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August 28, 2009

I am Waiting

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Ore wa matteru ze
Koreyoshi Kurahara - 1957
Eclipse Region 1 DVD

The French influence on I am Waiting is announce in the first accordion notes of the title song. The film may have been a vehicle for star Yujiro Ishihara, but it seem like writer Shintaro Ishihara could well have had Jean Gabin and Simone Signoret in mind. The literary Ishihara was a self-proclaimed existentialist and fan of Jean-Paul Sartre. A more obvious nod to French culture comes in the form of an excerpt from the opera Carmen, heard on the radio.

Joji runs a small joint called Restaurant Reef. It may not quite be the end of the line, but it seems like the gathering place for people who really have no where else to go. Walking alone late, on a cold, rainy night, Joji notices a young woman looking like she's about to stroll in the the sea. Joji talks her out of what may be an attempt at suicide, and takes her in, where she works as a waitress. Gradually, it is revealed that both Joji, and the young woman, Reiko, are running away from their pasts. Joji was a champion boxer who killed a man in a bar brawl, while Reiko was a former opera singer who, due to a voice damaging illness, has been reduced to a forced contract with a small time mobster who owns a small cabaret. On a couple of occasions, Reiko describes herself as a "canary who lost her voice". Joji and Reiko learn that they are connected in other ways in addition to the attraction they have for each other.

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The film reveals the past of Joji and Reiko through the most public and indiscriminate of means, mass media. At a movie theater, Joji winces while watching a newsreel about one of his past fights. Reiko loses her composure hearing herself singing Carmen. Both could be said to be former performers who have chosen to flee the spotlight for more anonymous lives. Having Reiko describe her self as a canary could possibly also be a nod to Edith Piaf, the "little sparrow", with the relationship of a singer with a boxer being inspired by Piaf's own relationship with Marcel Cerdan. The French influence on I am Waiting can be seen with Joji first serving Reiko not tea or sake, but cognac, the black sweater Reiko wears, and the haircuts of the men, combed down across the forehead. I am Waiting is a Japanese film that indirectly is about mass media, both as it affects the lives of the characters, and how western culture has permeated Japanese life.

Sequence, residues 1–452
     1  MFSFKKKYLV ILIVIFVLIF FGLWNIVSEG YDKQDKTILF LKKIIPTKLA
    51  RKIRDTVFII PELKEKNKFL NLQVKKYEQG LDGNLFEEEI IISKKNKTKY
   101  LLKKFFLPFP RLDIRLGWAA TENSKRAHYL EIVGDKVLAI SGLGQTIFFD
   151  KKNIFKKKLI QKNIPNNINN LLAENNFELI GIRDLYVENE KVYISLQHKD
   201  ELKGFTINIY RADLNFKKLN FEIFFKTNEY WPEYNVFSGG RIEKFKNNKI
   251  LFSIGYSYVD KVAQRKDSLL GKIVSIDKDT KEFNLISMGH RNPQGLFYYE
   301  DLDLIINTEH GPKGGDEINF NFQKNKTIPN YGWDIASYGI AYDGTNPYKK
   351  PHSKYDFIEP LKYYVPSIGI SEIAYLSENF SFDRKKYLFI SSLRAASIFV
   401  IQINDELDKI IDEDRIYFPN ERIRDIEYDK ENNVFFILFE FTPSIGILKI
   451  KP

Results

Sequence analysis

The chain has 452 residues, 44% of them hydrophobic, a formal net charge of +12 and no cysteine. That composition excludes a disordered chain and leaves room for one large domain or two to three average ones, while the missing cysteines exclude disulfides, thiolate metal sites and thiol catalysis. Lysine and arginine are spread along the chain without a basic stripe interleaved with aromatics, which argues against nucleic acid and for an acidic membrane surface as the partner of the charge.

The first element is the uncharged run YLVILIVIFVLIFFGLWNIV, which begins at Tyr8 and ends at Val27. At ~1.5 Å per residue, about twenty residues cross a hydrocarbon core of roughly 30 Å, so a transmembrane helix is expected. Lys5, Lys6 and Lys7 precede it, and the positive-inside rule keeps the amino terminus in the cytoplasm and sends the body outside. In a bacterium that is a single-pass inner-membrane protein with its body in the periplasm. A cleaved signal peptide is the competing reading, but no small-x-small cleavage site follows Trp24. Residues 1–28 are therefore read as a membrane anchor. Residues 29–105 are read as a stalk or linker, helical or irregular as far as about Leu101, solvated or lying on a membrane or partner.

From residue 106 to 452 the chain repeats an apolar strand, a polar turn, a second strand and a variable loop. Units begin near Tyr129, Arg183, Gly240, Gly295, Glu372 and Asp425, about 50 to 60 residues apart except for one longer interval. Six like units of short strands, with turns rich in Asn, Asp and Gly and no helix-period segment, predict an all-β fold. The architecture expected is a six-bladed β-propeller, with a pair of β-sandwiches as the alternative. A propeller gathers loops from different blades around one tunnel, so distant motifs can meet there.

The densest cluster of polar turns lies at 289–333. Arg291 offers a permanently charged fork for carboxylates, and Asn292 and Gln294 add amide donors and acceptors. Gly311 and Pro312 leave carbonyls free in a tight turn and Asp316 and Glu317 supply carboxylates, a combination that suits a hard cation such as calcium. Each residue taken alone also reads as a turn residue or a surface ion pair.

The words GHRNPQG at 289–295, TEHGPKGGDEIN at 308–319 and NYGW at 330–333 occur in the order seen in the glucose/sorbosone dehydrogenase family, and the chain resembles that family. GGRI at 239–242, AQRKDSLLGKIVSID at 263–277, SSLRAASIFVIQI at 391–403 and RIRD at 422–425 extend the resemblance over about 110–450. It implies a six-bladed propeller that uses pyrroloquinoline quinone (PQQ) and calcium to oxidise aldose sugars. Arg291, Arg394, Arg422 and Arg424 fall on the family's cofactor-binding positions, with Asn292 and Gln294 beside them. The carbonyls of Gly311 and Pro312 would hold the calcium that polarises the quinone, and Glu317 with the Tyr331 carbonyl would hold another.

Like several other films written by Shintaro Ishikawa, starring Yujiro Ishikawa, I am Waiting was produced by Takiko Mizunoe. Her role as a female staff producer at Nikkatsu, as well as being an actress and singer, warrant more information than is listed at IMDb. That Mizunoe's last known credit as a producer was Branded to Kill, the film that also ended Seijun Suzuki's career at Nikkatsu, should be noted. Faces that reappear in the other "Nikkatsu Noir" series include Naoki Sugiura and Michitaro Mizushima. I am Waiting was the second film to pair Mie Kitahara with Yujiro Ishihara, and the first to have them as top billed stars. There is little written in English on director Koreyoshi Kurahara aside from Mark Schilling's piece in No Borders, No Limits, and a review of several films at The Auteurs. Also leaving Nikkatsu in 1967, Kurahara transitioned from making low budget, youth oriented films to respectability with his film Antarctica which was Japan's Oscar entry from 1983, and the source for the English language remake, Eight Below. Even with a country seemingly better documented in its film history as Japan, there is evidence that there is more exploration needed.

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Posted by peter at August 28, 2009 12:55 AM